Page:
Saturday, March 5, 2016

Orwell: Precursor for Popular Culture - John Michael Roberts

 ~ Click on the link above to read John Michael Roberts's analysis of Orwell ~

"Orwell does not claim to speak for others, but claims, instead, to speak from his own embodied experience within which he momentarily experiences the embodied experience of others. Orwell not only therefore explores themes in cultural studies that have since become established parts of the discipline’s canon, he also shows how cultural and social commentators might transform their own embodied experiences into matters of public concern" (Michaels 230).

John Michael Roberts, professor at Brunel University and scholar from the Journal for Cultural Research, argues George Orwell as wrongly unacknowledged by writers of popular culture. Orwell's work, though from years and years ago, is tremendously relevant today. Roberts labels Orwell's literary footprint as exceptional, as Orwell's stylistic choices have proven his competence in pinpointing social issues--even more so his competence in doing so without crossing boundaries. What I mean by this is as stated above, Orwell speaks for himself--those surrounding him just happen to contribute to whatever he is speaking. He does not offend society, only defends his argument concerning society. With that being said, today's writers can take this objective style, with all its subtle subjectivity, and emulate it within current societal topics needing of criticism. Roberts asserts that Orwell exemplifies the philosophical analysis popular culture today often lacks. He decomposes his argument into four central themes of Orwell's stylistic writing:

1. The contested pleasures of popular culture
Here Roberts notes the true pleasure all statuses of people find in generating novel meanings to areas of popular culture. Thus, he isolates Orwell's ability to stimulate interest in such topics in order to stimulate action. Orwell does so, because his style embodies discourse that serves as "resources for ordinary people to create their own oppositional codes that reject dominant narratives" (220). That is, he 'negotiates' with his audience, them making meaning of not only his distinct statements, but of their reactions to these statements.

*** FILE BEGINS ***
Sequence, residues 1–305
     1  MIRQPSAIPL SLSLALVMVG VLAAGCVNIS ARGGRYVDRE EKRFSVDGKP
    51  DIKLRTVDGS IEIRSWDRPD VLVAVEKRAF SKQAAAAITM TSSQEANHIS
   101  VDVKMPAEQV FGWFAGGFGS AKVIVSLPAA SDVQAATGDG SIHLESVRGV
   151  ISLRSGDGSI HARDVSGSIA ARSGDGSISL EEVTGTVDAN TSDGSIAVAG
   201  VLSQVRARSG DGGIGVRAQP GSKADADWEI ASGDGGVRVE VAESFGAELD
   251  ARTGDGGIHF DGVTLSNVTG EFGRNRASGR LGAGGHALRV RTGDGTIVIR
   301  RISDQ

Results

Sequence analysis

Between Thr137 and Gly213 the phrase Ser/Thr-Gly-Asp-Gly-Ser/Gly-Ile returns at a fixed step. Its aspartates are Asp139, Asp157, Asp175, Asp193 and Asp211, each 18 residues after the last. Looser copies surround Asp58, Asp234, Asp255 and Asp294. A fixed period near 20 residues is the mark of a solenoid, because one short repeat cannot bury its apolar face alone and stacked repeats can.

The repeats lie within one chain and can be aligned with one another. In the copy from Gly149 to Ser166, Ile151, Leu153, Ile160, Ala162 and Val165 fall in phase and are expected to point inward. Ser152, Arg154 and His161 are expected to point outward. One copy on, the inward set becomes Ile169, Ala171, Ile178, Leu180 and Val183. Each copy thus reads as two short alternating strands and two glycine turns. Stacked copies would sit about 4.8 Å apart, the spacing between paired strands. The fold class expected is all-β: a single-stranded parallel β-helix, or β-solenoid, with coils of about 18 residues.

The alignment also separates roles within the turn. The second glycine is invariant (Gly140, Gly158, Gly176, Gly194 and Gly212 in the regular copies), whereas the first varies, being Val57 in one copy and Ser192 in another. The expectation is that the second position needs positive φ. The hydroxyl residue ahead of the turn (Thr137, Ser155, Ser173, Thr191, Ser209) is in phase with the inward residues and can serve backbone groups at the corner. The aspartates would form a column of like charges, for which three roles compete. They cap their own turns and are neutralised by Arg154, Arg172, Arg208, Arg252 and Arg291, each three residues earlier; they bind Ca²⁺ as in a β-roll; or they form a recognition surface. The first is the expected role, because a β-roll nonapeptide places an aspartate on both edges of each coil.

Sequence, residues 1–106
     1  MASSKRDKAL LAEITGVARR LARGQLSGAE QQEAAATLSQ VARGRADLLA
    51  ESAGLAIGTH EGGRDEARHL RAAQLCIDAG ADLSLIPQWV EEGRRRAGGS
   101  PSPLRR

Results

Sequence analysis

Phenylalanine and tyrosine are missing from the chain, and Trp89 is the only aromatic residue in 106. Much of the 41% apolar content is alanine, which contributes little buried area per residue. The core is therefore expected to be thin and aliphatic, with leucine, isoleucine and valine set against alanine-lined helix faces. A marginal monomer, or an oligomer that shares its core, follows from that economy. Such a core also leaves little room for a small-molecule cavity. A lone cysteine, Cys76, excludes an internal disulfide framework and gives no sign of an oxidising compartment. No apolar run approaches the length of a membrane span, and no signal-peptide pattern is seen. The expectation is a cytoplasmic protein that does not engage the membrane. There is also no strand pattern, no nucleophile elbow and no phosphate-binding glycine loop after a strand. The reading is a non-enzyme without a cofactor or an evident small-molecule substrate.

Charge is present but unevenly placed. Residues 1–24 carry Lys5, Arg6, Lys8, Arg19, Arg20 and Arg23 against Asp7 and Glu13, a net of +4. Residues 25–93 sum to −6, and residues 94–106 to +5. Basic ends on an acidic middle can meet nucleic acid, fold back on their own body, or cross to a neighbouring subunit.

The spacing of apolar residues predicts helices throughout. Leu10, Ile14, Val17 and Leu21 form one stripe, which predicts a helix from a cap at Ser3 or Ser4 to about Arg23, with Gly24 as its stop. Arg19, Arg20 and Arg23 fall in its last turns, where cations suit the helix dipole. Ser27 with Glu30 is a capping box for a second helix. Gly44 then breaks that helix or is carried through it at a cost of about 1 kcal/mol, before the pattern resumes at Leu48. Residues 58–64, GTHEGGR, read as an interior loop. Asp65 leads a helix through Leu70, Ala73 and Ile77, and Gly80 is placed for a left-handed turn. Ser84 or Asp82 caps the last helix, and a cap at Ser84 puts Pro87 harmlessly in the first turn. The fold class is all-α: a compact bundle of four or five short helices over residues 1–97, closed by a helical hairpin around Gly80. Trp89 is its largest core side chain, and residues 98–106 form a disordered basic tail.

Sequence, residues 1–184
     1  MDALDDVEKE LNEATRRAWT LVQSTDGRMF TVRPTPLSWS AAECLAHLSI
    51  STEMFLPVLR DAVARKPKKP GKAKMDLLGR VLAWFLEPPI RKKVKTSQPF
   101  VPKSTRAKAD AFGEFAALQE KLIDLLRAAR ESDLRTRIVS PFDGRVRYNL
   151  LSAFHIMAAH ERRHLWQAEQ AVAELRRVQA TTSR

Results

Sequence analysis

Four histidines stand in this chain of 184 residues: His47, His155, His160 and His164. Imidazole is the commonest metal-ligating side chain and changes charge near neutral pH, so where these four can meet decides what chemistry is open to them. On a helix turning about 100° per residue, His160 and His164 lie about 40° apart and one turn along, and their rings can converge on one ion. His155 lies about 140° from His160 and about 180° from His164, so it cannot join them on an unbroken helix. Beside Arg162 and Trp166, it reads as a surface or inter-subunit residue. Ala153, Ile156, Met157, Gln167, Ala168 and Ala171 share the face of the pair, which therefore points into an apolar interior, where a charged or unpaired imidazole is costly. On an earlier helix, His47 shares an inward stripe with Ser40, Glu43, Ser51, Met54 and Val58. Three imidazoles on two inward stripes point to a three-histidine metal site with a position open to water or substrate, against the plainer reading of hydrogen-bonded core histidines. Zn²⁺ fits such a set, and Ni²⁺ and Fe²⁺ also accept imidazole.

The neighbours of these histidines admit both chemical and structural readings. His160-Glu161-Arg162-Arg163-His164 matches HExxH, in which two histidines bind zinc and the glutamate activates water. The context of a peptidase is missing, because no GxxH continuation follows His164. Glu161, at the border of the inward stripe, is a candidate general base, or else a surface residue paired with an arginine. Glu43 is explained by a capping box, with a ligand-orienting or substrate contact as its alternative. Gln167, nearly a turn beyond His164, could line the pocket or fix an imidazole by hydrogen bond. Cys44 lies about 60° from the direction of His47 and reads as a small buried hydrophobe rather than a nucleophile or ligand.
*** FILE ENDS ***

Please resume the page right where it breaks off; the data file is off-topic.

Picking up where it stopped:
2. Language, culture, and power
Roberts then explicates how Orwell creates oppositional codes, in which Orwell's everyday language targets all cultures and statuses of power. Considering "language is inherently dialogical, heteroglossic, and multiaccentual," this means that "everyday language use is contradictory in scope to the extent that it refracts different points of views, different social classes, different ideologies, different identities, and so on" (220).

3. Social class and culture identity
Roberts furthers this discussion on Orwell's language with Orwell's views: Orwell writes for the sake of social classes seeing their phenomenological standpoint with all classes. "For Orwell social class is a complex mixture of economic, social, and cultural capital, which combine in distinctive ways in specific contexts, or fields. They gain their unique identity only in relationship to one another and it makes no sense to analyze them separately" (224). Roberts uses a piece from Orwell's book, The Road to Wagon Pier, as illustration, for Orwell directly explains how classes mistakenly identify themselves.

4. Beyond culture relativism and towards nomadism
While Orwell believes classes are related, he never claims they are not different, only claims their differences should work as one. Roberts identifies this as nomadism, identifying Orwell as a "nomadic writer" who situates himself in "space that is different to his own middle class life" (229).